|XXXHDPI||DENSITY_XXXHIGH||640 dpi||?||N/A||I am not yet exporting for this scale. When I do, I am sure there will be an XXXXHDPI, or they will have changed their mind, and my process will have changed to account for that.|
Note that "Scale factor" is mine and based on my procedure. My export procedure may make you giggle, but I don't care. This is what I do and it works for me:
- All icons are drawn in vector programs. Usually InDesign for workflow reasons, but Illustrator is fine also. They are drawn to a physical scale so I know how big they need to each be in the final render.
- Grab all the graphics I will need to turn into rasters, and put them on one page, still in their relative scales.
- This is all about making images the same physical size on each displayed device. You are reasonably likely to not want to do this, so adjust accordingly. For example, your spec should have designed and stated that devices with so big/small a screen. So, just put that scaled size for the image separately
- Label stuff. So you don't forget. And, so you can see things. I export lots of white icons, and on clear they are hard to see. Labels help locate them in the next steps.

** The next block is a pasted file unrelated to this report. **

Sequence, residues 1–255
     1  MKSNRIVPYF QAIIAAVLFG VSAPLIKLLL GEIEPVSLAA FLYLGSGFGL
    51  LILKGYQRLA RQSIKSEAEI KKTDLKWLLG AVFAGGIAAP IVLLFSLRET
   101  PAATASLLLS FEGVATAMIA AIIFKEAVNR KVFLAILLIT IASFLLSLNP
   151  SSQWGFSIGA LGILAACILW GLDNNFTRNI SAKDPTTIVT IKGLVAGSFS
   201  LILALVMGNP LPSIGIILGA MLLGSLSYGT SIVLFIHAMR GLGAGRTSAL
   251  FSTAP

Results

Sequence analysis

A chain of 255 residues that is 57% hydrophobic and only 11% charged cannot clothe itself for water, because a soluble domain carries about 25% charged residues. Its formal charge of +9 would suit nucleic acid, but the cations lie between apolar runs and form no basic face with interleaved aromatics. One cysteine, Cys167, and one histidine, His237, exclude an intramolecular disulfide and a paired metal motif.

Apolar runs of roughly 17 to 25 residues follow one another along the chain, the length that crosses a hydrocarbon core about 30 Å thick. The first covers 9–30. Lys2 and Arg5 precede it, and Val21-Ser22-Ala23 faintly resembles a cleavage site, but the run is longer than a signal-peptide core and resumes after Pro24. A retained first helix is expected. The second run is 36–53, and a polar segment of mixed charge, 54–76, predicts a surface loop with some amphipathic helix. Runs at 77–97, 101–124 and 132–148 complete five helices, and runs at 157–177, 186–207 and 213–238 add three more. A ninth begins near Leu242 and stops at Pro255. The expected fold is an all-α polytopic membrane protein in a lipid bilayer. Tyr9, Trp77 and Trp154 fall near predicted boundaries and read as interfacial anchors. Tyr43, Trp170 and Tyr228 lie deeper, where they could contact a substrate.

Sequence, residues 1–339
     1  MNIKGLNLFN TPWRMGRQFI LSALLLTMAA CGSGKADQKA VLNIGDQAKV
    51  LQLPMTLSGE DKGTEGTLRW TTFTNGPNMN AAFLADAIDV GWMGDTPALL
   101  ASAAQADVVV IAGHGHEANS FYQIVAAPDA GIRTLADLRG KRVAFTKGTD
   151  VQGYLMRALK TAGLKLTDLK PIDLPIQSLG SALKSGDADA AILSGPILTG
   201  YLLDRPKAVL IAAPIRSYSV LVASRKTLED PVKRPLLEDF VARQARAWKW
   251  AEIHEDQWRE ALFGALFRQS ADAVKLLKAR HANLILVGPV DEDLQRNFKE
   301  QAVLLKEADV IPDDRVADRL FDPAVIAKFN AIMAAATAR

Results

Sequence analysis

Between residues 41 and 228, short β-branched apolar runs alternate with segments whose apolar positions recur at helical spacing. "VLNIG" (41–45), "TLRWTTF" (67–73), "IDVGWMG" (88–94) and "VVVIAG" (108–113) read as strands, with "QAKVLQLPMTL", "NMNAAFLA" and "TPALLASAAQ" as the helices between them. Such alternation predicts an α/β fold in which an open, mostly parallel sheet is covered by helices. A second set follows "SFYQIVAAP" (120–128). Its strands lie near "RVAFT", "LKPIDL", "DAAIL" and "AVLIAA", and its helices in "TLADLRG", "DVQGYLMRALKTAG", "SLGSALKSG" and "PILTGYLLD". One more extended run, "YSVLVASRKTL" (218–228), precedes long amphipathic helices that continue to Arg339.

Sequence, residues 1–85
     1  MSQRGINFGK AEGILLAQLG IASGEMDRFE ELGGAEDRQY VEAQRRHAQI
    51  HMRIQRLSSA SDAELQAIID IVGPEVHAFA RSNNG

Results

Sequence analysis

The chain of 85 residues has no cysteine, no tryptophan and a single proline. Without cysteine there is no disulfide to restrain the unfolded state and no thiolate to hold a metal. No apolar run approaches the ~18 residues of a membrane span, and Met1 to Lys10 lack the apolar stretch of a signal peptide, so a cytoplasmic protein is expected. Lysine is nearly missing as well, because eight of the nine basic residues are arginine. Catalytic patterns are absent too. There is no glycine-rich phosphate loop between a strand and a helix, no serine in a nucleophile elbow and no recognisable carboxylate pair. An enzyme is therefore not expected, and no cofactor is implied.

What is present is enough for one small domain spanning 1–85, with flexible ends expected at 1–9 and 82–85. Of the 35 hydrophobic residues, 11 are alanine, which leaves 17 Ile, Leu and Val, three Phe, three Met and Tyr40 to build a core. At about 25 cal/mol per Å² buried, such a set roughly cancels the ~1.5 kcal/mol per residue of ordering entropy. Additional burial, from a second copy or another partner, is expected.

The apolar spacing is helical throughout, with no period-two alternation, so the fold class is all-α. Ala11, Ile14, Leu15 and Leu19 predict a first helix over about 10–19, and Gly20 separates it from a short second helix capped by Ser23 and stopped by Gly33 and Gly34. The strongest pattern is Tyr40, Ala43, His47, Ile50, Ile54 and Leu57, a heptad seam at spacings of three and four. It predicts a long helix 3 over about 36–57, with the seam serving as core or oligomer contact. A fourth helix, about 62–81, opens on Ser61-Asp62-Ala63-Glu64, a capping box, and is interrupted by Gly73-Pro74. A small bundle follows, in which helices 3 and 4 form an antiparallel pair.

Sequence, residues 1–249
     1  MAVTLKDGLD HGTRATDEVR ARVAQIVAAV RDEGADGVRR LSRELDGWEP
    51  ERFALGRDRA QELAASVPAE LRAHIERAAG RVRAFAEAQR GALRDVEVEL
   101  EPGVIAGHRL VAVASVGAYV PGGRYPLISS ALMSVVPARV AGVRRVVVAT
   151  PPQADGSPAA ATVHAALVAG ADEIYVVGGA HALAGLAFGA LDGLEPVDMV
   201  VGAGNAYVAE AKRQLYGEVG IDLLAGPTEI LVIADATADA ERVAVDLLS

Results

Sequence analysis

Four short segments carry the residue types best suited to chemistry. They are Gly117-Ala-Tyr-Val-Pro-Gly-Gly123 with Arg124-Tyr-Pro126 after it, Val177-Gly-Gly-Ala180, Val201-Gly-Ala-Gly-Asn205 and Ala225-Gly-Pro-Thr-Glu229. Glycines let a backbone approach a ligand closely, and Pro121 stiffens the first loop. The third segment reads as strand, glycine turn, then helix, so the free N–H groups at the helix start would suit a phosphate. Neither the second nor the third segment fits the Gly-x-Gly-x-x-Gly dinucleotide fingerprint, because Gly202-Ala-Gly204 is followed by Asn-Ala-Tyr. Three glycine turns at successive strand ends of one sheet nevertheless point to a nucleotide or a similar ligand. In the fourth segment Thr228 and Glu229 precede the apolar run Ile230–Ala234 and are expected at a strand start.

- Export that page to a PDF.
- Open that PDF in Photoshop. My pages are always tabloid (11x17") size so I set the import resolution to the physical width of the drawing sheet (here, 1224 pt) and the resolution to 480 ppi. This makes it the right size and density for XXDPI. All others will be scaled down from that inside Photoshop.
- Go into the Photoshop document and add guides to be used as crop lines. Leave a bit of space around items. Remember anti-aliasing; it can easily need 2 pixels past the hard image edge for this. If you don't provide that, the image will look odd. Provide more for shadows, and be sure to use the eyedropper to make sure you aren't missing any shadows.
- You can also plan for this, especially if you have shadows, by sticking bounding boxes into the vector art before export. The box won't be able to be a snappable line and will itself get fuzzy over time, but can be a helpful guide for things like shadow edges or gradients to nothing.